Most enterprises are made up of a team or several teams of people who must execute the core functions of the organization. Each team is usually assigned a leader who takes the responsibility to choose and direct his or her team members toward the successful completion of the goals of the organization. When success is achieved, the leader can certainly become a hero of the team. When failure is imminent, the leader usually gets the blame. However, for a team to be successful, all of the members must individually take personal responsibility for its success or failure. Without individual commitment and cooperation to perform one’s individual responsibilities, the entire team can be doomed toward failure.
At its core, a “team” is nothing but a group of individuals. A team is not an entity that can think, make decisions, and act collectively. Only individuals can do these things. However, some people get confused by these concepts. As an example, let’s look at another term to use as an example. Let’s look at the word “economy.”
An “economy” consists of tens or hundreds of millions of individual transactions that are taking place at all times. Each transaction consists of at least two individuals who mutually agree to the terms of an exchange. So as you can see, the “economy” is not a separate entity. Individuals are at all times deciding whether or not to make an exchange. And since it is the millions of individuals who are constantly making these decisions, it is impossible to ever “run” the economy.
Now let’s go back to the word “team,” which again is nothing but a group of individuals. In order for a group to be effective, each of the individual members must share a common goal. If you have 5 players on a basketball team, of which only 2 are totally committed and passionate about making it to the finals, the odds of getting there are slim. Since a common goal MUST be shared for the team to succeed, the larger the team becomes, the less likely it will be that all of the individuals will share the same common goal. There is a reason why a basketball team consists of 5 players and not 50 or 100.
To further prove this point; let’s examine the word “nation.” A nation is nothing more than a group of individuals who happen to live in a specific geographical area. The nation of the United States consists of about 300 million people. With a group that size, it is absolutely impossible to have a common goal. You couldn’t even contact everyone to find out if they were all on the same page and agreed. Instead we rely on polls of small samples which are often flawed and produce poor results. The most effective, most dynamic, most amazing groups to watch are those that contain a small group of people, who voluntarily join the group, and who share the same common goal as the other members. These are the groups that revolutionize our world on a daily basis.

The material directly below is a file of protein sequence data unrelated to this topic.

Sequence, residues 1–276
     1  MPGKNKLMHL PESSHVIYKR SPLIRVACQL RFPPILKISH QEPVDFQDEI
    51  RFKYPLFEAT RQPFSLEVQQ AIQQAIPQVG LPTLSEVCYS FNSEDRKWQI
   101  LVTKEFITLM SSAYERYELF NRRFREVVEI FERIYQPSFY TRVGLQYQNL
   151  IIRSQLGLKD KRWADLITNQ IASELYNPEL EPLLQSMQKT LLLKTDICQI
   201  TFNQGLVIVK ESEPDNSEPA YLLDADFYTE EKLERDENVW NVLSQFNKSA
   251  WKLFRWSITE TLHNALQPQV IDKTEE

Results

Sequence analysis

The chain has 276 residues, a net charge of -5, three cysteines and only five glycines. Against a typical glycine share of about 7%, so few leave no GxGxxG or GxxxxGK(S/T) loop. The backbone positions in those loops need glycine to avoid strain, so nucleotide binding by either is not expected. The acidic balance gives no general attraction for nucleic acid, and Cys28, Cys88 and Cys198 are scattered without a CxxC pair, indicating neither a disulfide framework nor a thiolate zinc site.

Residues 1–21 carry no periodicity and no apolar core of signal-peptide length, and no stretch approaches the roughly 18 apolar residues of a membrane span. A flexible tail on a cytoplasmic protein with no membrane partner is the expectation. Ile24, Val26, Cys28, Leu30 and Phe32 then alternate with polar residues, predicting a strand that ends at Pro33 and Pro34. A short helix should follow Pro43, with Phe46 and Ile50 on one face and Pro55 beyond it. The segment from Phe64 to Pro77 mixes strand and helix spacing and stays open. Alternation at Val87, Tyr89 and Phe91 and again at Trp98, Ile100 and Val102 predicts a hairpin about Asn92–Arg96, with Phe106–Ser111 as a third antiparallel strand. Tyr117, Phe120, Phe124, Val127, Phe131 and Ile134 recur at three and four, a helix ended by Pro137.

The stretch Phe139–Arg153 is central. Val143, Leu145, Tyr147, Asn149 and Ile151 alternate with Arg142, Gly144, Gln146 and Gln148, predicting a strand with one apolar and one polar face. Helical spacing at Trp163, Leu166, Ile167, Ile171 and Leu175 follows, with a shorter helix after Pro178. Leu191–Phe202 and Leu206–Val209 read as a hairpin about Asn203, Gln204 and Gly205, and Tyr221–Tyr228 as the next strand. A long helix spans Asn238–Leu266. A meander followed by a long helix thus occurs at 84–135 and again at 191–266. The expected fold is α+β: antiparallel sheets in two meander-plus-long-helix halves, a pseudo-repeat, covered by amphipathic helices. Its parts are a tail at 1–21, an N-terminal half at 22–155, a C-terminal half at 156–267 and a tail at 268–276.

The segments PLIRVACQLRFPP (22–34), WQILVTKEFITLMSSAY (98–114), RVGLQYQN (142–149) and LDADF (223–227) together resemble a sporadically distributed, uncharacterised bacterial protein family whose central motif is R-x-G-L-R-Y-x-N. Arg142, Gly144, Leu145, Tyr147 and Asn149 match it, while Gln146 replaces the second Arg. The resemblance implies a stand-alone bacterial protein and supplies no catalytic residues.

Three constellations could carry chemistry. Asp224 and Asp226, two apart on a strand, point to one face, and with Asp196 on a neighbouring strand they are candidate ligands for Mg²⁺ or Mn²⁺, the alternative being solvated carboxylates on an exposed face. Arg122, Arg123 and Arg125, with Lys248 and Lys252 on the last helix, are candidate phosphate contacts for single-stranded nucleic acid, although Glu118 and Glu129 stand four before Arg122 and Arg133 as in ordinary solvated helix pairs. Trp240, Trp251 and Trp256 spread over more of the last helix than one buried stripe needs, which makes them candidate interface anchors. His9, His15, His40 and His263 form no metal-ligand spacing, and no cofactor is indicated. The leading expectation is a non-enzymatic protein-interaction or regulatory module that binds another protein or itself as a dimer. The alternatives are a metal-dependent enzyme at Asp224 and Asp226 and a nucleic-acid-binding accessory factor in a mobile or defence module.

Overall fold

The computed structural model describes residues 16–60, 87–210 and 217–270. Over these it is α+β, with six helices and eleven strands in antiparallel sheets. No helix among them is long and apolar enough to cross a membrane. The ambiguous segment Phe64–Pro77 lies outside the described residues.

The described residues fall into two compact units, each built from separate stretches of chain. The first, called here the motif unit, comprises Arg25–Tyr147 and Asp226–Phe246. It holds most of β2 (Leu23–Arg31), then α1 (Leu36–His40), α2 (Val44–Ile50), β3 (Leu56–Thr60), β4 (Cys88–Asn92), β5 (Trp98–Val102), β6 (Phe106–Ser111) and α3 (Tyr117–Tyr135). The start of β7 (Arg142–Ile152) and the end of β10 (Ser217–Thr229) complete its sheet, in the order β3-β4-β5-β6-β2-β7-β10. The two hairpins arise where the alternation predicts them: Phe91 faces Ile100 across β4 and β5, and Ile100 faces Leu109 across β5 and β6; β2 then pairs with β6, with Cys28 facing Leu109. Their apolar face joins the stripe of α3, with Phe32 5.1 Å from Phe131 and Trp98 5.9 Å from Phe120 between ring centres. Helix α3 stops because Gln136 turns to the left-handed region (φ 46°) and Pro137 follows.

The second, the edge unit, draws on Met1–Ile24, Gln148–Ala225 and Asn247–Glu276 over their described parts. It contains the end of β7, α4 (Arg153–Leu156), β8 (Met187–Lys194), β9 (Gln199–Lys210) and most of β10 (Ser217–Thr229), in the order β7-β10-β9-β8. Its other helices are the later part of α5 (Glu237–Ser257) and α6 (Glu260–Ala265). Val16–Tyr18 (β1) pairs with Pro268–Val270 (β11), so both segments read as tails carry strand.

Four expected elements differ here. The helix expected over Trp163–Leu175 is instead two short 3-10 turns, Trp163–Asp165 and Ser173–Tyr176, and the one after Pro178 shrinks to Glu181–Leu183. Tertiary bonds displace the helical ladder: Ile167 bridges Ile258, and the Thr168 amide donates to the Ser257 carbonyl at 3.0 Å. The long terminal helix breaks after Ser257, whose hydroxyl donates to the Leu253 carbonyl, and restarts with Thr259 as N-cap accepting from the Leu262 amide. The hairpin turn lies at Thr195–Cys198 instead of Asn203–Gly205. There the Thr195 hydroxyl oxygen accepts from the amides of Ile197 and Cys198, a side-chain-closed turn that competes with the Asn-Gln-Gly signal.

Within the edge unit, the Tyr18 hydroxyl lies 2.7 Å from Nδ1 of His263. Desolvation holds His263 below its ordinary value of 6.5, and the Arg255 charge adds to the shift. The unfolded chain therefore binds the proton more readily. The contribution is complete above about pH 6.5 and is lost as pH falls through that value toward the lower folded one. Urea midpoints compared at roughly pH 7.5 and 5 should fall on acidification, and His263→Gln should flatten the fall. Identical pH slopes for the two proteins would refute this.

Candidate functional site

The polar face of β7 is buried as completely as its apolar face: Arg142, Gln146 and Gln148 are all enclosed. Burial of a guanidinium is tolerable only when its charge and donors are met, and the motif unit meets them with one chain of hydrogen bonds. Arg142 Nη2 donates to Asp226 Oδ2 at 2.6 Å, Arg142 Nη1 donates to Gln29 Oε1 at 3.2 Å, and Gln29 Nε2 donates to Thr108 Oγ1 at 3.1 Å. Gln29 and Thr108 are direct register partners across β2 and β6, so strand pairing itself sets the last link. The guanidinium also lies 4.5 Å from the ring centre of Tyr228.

For teams to succeed, INDIVIDUAL RESPONSIBILITY and near perfect execution of carrying out the well thought out plans of the group is necessary. The best way to commit ones’ self is “I’ll do my job for you, if you’ll do your job for me.” With this type of commitment, everyone moves in the same direction, doing their own specific tasks, with the same goal in mind. In tonight’s Super Bowl, a New York Giant’s defender slipped and missed his assignment. Randy Moss scored a touchdown as a result. On the other side a New England Patriot defender could not bring down Eli Manning when he had the chance. Consequently Manning scrambled free and threw a 37 yard pass that was miraculously caught. This single play contributed to the demise of the Patriot’s victory and tarnished their perfect season. Near perfect execution on all teams is critical to achieve success. There’s little room for error.
Each team member on all teams contributes different strengths and weaknesses to the team. Everyone should value those differences and capitalize on them. Team members must hold each other accountable for what must be done. They must set high standards for each other and not allow other members to slack off or give less than their best. Peer pressure is a potent weapon in the success of a team. Team members should always reinforce the positive performance of the other members. They should celebrate as a team and always recognize the accomplishments of individual victories of their fellow team members. Everyone must clearly understand that no one wins until everybody wins.
When teams have the right chemistry, they can produce amazing results. We watched the New York Giants produce amazing results tonight. Going into the game 12 point underdogs, and facing a powerful 18-0 opponent, they managed to execute better down to the very last play. The polls were wrong again. Public opinion becomes meaningless when one team plans and executes better than the other. Understanding team dynamics is critical.